Anyone Remember #MeToo?

Either does the Minnesota DFL Central Committee:

Ellison received 326 votes, or 82 percent of delegates on hand at the party’s state executive committee meeting Saturday, the Minneapolis Star Tribune reported.

The endorsement comes after Ellison won the Democratic primary just days after Karen Monahan said Ellison had once dragged her off a bed by her feet while screaming obscenities. Ellison has denied the allegation. Monahan has said she has video footage of the 2016 encounter, but has declined to release it. Ellison says the video does not exist.

People are innocent until proven guilty.   Domestic abuse is itself abused in this country.   We should take accusers seriously – but guilt until proof of innocence is a notion worth fighting – rhetorically, politically, legally and if necessary militarily.

But I come not to bury Ellison (more later).   I come to pillory the MNDFLCC.  #MeToo was never anything but a virtue-signaling cudgel to use against conservatives (until it largely backfired, taking out Al Franken, Garrison Keillor, Dan Schoen and perhaps Ellison).

It’s the moral equivalent of Al Gore flying to Indonesia in a private jet to lecture the world about the climate;  it’s a moral imperative for the rest of us, an inconvenience to them.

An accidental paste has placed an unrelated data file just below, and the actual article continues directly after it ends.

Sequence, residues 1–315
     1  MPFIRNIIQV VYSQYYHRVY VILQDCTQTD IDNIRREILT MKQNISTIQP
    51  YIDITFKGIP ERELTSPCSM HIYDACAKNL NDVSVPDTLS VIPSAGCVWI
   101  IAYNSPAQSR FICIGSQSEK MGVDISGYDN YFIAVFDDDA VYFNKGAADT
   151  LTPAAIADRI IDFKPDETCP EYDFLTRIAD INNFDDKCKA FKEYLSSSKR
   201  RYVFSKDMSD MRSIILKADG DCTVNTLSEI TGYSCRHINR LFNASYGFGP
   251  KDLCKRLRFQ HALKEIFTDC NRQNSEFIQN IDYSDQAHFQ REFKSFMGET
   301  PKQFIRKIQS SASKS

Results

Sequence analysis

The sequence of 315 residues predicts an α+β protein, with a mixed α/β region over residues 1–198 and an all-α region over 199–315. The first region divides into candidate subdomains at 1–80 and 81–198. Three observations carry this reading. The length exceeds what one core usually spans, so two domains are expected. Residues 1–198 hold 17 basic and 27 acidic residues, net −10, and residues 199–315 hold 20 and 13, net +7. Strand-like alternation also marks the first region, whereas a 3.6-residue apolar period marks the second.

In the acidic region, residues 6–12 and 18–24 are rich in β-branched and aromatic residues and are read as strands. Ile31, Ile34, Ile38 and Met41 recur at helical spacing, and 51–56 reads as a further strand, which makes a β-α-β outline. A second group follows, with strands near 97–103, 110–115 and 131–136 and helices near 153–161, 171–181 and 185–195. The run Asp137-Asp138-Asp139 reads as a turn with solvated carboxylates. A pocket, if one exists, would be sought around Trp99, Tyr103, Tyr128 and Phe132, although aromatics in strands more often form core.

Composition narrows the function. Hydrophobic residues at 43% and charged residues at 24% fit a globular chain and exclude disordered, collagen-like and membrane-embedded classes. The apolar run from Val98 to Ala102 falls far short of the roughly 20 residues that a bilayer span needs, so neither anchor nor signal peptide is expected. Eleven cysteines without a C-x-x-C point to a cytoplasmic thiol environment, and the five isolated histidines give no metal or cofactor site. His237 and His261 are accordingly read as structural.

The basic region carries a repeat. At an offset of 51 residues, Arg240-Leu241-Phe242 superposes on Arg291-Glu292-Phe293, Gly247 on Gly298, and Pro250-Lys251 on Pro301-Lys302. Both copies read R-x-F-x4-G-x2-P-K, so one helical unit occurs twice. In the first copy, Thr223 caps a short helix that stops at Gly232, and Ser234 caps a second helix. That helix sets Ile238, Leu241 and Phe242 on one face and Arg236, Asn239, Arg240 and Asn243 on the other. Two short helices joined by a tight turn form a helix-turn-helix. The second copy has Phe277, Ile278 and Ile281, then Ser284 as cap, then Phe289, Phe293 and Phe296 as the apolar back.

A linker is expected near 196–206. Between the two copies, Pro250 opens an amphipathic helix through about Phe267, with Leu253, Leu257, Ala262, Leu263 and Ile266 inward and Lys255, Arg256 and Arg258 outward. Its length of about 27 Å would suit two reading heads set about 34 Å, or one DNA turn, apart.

4 thoughts on “Anyone Remember #MeToo?

  1. The State Fair is coming. The DFL may yet wish to revise and extend its remarks, especially if it gets a little hot at Cooper and Dan Patch.

  2. Al Franken, Garrison Keillor, Dan Schoen

    Like they say, this is not a bug, it is a feature. Not one of these is a female person of color. The age of powerful white males is over, dochya know?

    As for Ellison, what logical reason would there be to demote a black, Muslim congressman other than to promote a black, Muslim, congresswoman?

    The DFL has nothing to explain. Identity is everything.

  3. I don’t know that #MeToo is really a tool of the left for bludgeoning the right–wasn’t the first scalp that of Porky Weinstein, hardly a conservative by any stretch of the imagination? So while I’m sure some would like to use it as a bludgeon, I think a great portion of this is abused women finding their voices and saying “no more.” And that’s a good thing.

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